By Kersi Meher-Homji
The Indian Down Under
When Sachin Tendulkar comes to town being one of the best cricketer in the world who is not just revered in India but the whole world and is inducted along with Steve Waugh to be Bradman honouree, TIDU’s Kersi Meher-Homji feels honoured to report a proud moment in the history of cricket:
I had been waiting for weeks to see my heroes Sachin Tendulkar and Steve Waugh being honoured as Sir Donald Bradman honourees. And the day finally arrived on Wednesday the 29th October. It was at the SCG, which stands for Sydney Cricket Ground. According to some of his fans, it also stands for Sachin Cricket Ground!
Why? In five Tests in Sydney, Sachin amassed 785 runs at an astounding average of 157.00 hitting three unbeaten centuries with a top score of 241 not out in 2003-04. His sequence: 148 not out in 1991-92 as a teenager, 45 and 4 in 1999-2000, 241 not out and 60 not out in 2003-04, 154 not out and 12 in 2007-08 and 41 and 80 in 2011-12.
At the press conference, the well-suited and smiling Sachin said, “The SCG is my favourite ground. I have always maintained that. It brings back all the memories,” speaking publicly in Australia for the first time in six years. “I was just outside in the car and I said it feels great to be back. It’s been a very social venue to me. Right back to 1991, which was the first time I played here.
“It’s just the feel of the ground. Whenever I walked in I felt I could go on and on batting. I just enjoyed the atmosphere, and the pavilion especially. It’s a fabulous pavilion with a lot of history. It is the heritage and the impact all the players have left on this ground. Performing against Australia always gave me a lot of satisfaction because I knew if you perform against the leading side then everyone takes notice of your performance. It is a different kind of satisfaction.”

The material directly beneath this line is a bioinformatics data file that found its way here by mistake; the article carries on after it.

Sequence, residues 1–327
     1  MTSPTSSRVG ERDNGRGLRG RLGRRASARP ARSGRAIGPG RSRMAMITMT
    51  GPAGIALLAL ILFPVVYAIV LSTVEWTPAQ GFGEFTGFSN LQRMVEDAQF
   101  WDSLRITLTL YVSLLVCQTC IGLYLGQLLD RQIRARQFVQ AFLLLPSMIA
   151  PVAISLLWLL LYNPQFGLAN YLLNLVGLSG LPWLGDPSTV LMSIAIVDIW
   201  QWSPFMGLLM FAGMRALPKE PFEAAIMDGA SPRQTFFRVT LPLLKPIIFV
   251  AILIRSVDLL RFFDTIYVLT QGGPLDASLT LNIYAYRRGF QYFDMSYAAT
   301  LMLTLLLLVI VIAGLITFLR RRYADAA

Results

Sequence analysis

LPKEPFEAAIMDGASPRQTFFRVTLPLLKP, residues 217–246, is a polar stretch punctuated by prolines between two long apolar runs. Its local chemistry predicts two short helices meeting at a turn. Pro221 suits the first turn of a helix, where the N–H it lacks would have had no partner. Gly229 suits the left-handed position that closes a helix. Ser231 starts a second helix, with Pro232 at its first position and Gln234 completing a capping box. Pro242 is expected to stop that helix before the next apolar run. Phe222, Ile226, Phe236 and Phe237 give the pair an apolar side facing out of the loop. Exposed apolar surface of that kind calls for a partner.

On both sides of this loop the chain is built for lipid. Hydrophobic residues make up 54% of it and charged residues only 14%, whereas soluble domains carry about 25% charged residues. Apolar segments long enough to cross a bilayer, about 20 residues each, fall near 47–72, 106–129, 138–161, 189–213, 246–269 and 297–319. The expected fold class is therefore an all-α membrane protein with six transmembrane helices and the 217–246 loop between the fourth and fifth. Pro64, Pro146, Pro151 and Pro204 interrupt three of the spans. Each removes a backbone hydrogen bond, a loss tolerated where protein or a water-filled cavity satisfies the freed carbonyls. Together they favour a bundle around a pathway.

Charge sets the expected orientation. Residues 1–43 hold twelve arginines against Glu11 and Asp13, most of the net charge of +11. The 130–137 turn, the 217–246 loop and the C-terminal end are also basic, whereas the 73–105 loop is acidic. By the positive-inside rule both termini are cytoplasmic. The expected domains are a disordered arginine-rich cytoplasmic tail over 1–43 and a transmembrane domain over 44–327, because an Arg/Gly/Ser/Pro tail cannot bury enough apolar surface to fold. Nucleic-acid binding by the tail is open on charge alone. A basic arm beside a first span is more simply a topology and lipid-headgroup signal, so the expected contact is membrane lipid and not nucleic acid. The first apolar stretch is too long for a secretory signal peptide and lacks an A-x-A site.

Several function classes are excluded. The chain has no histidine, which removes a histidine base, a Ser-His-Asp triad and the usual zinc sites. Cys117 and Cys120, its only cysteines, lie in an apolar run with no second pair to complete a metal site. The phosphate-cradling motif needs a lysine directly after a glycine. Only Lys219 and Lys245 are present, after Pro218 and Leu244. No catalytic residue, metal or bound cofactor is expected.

Bradman and Tendulkar are universally regarded as two icons of cricket. Sachin recalled that when he and Shane Warne visited Sir Donald in Adelaide for his 90th birthday they were so daunted they couldn’t decide who should speak first.
“I remember Warnie was with me in the car and we were discussing who was going to ask the first question,” Sachin recalled on Wednesday evening. “I said, ‘You are from Australia, so you should start’. And he shot back, ‘No, you’re a batsman, so you can relate to him much better than what I can’.”
The terrific trio of Don, Shane and Sachin had an enthralling evening 16 years ago. “One thing was just to be able to meet the great man but also to know the funnier side of him,” Sachin remembered.
“I asked him a question: ‘what would you have averaged in today’s cricket?’ He thought about it and said ‘Maybe 70’. To my question ‘why only 70 and not 99?’ he replied, ‘C’mon, that’s not bad for a 90-year-old man’!”
Both Sachin and fellow Bradman honouree Steve Waugh recalled the January 2004 Sydney Test which was Waugh’s last. Sachin scored 241 not out and Steve 80 in his final innings. “I took the catch when Steve was on 80 and then rushed to congratulate him on his magnificent Test career.”